Queens College Skyline, view of Manhattan
Discimus ut serviamus: We learn so that we may serve.
QView #131 | June 1, 2022
What’s News
President Frank H. Wu was among the executives designated as Power Professionals 2022 by Schneps Media. The honorees were invited to a reception on May 19 at the Mansion at Oyster Bay in Woodbury, New York. Proceeds from a raffle held that evening were donated to the Jamaica YMCA.
Student Association leaders made a special presentation to Christopher Rosa on May 25.
On Wednesday, May 25, QC celebrated former Assistant Vice Chancellor for Student Inclusion Initiatives Christopher Rosa ’89 in the best possible way: by inaugurating a scholarship in his name for student-athletes with a disability. With his family, he contributed $25,000 to the scholarship fund, to be disbursed in $5000 increments over each of the next five years.

Rosa left CUNY in January to become president and CEO of the Viscardi Center, a network of nonprofit organizations providing a lifespan of services that educate, employ, and empower children and adults with disabilities (see QView 113). The celebration was organized by the Office of Student Affairs. Rosa received the President’s Medal, QC’s highest administrative honor, from President Frank H. Wu at Baccalaureate on Tuesday, May 31.
(Above and below): President Frank H. Wu and Interim Associate Provost of Innovation and Student Success Nathalia Holtzman met with representatives of experiential programs at the college, including Big Buddies and the CUNY Recovery Corps.
Dramatic Choice for Gaspar Award

Recognizing outstanding performance in a supporting role, Drama, Theater and Dance (DTD) presented its Raymond Gaspar Award to Officer Annette Beckford at the department’s graduation reception on Wednesday, May 25.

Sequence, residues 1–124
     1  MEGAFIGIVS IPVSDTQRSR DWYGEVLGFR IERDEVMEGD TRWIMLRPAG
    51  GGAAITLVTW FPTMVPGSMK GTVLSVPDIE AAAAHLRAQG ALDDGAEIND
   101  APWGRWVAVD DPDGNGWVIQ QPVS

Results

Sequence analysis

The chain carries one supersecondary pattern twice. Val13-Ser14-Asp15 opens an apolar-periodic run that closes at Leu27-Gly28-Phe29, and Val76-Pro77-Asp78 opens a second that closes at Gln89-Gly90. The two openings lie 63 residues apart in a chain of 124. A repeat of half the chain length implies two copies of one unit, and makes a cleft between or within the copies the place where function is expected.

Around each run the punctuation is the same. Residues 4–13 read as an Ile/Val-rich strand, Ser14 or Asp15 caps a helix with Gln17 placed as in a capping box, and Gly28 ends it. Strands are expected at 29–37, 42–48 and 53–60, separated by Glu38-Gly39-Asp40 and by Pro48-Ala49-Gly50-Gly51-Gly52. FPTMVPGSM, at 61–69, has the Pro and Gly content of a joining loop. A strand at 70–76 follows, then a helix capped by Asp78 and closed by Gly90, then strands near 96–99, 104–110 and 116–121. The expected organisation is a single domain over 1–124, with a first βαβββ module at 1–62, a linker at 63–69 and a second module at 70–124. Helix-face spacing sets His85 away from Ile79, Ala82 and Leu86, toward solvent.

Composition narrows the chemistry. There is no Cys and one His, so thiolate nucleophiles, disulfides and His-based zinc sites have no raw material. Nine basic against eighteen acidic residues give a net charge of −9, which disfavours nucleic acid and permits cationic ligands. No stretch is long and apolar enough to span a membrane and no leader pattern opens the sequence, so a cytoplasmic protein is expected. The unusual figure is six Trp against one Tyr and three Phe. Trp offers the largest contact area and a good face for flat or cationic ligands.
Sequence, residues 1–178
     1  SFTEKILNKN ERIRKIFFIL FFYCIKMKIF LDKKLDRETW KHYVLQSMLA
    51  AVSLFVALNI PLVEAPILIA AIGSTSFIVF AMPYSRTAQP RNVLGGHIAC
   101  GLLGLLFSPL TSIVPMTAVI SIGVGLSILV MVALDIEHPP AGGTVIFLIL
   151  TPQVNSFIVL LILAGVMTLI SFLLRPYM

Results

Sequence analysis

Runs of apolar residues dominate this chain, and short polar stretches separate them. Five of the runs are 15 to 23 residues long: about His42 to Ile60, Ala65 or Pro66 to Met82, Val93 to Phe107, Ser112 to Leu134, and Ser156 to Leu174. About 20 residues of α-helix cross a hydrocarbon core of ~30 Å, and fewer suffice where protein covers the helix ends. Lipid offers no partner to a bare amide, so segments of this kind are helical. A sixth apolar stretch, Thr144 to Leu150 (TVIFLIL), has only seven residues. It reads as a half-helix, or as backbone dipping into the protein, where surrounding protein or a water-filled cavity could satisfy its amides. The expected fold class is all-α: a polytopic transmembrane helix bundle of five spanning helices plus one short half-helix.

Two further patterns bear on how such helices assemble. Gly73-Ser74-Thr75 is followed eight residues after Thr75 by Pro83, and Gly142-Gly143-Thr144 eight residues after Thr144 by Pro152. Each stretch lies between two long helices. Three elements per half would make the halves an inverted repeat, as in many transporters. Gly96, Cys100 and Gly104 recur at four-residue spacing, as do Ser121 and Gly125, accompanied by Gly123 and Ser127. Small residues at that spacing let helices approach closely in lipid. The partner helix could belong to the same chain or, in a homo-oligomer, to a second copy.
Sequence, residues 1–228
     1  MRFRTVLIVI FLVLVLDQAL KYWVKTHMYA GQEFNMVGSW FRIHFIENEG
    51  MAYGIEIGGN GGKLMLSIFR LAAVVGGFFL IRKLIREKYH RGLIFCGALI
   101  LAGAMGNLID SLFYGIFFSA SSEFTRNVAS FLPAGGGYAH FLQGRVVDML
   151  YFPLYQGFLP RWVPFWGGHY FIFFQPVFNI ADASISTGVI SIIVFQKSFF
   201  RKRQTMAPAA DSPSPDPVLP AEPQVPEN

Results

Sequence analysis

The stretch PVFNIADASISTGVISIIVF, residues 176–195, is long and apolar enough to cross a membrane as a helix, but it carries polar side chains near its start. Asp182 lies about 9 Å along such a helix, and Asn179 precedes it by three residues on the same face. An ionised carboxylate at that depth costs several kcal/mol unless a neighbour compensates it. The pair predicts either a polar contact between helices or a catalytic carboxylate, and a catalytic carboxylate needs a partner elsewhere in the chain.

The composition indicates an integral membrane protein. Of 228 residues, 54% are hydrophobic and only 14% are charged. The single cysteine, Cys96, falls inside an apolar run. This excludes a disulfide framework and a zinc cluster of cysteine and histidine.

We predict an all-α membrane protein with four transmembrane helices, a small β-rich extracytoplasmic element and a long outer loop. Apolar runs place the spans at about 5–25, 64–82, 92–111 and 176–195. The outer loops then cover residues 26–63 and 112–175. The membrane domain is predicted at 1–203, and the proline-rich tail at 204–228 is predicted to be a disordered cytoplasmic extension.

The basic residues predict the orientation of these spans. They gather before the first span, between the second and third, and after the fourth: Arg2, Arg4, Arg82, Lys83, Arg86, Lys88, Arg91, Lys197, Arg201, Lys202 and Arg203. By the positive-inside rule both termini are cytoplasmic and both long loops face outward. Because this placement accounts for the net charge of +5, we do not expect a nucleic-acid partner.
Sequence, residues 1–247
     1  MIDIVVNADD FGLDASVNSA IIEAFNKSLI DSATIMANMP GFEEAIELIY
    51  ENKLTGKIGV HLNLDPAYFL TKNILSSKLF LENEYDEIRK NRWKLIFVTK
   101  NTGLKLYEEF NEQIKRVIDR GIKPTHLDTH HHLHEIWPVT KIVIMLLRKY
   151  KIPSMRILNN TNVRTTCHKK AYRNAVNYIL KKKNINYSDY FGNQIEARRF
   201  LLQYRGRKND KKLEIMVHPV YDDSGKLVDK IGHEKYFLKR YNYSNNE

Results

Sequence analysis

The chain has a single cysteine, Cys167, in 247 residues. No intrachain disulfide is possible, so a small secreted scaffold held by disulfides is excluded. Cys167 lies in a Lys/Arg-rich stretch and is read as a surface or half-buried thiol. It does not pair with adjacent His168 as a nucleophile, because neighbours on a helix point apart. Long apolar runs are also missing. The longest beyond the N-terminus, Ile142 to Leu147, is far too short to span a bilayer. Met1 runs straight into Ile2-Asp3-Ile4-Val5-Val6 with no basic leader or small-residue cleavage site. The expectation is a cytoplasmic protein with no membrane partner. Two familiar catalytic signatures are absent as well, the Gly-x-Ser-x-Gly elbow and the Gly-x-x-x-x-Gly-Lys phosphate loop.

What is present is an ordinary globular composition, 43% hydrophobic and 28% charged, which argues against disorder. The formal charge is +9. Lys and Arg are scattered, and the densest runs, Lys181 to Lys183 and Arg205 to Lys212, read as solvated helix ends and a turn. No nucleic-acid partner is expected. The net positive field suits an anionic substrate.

“Officer Beckford’s energy in the morning, whether it is raining, miserably cold, or delightfully sunny, sets a welcoming tone as people swipe their ID card to access campus,” said Acting DTD Chair Edisa Weeks prior to the event. “Her spirit is in keeping with Professor Raymond Gasper, whom the award is named after. He was a team player who often had motivating words for people, championed the underdog, and encouraged people to never give up on their dreams.”

Gaspar taught at DTD and directed campus plays for 52 years; he also directed plays in Off-Off Broadway theatres.

A few years ago, the Office of Communications and Marketing produced a highly popular video featuring Officer Beckford.
Fulbright Futures for Two from the Class of ’22
QC students Michael Amrami and Zainab Farooqi, who are graduating this week from Macaulay Honors College, have been awarded prestigious Fulbright scholarships for study and teaching abroad.

“The Fulbright program offers some of the most highly desired—and most competitive—awards in the country,” says Queens College President Frank H. Wu. “We are extremely proud of these two students and their embrace of cross-cultural learning. We know they have a lot to offer the world.”

Amrami received a Fulbright study/research award to seek a master’s in public health at the University of Haifa in Israel; he hopes ultimately to become a physician. He already has extensive experience as a medical assistant and an EMT. He majored in neuroscience-biology and psychology and minored in chemistry, health sciences, and biology.

“I am very much excited for this unbelievable opportunity,” says Amrami, “and am so glad for having the Queens College community behind me through the entire process.”

Farooqi received a Fulbright English Teaching Assistant Award, which is sending her to Korea to assist English-language teachers in the classroom. She majored in psychology and media studies and minored in Korean and English; her goal is to pursue a master’s in psychology and conduct research on child development.

Currently, Farooqi teaches kindergarten at Al-Iman School in Jamaica, Queens. She is looking forward to experiencing “how different cultures approach different subject matters and how that affects the way the child learns.”
Pitching a Winning Game
Three teams finished in the money last week at the conclusion of the college’s first Blackstone LaunchPad Pitch Competition, in which students presented their business ideas to judges.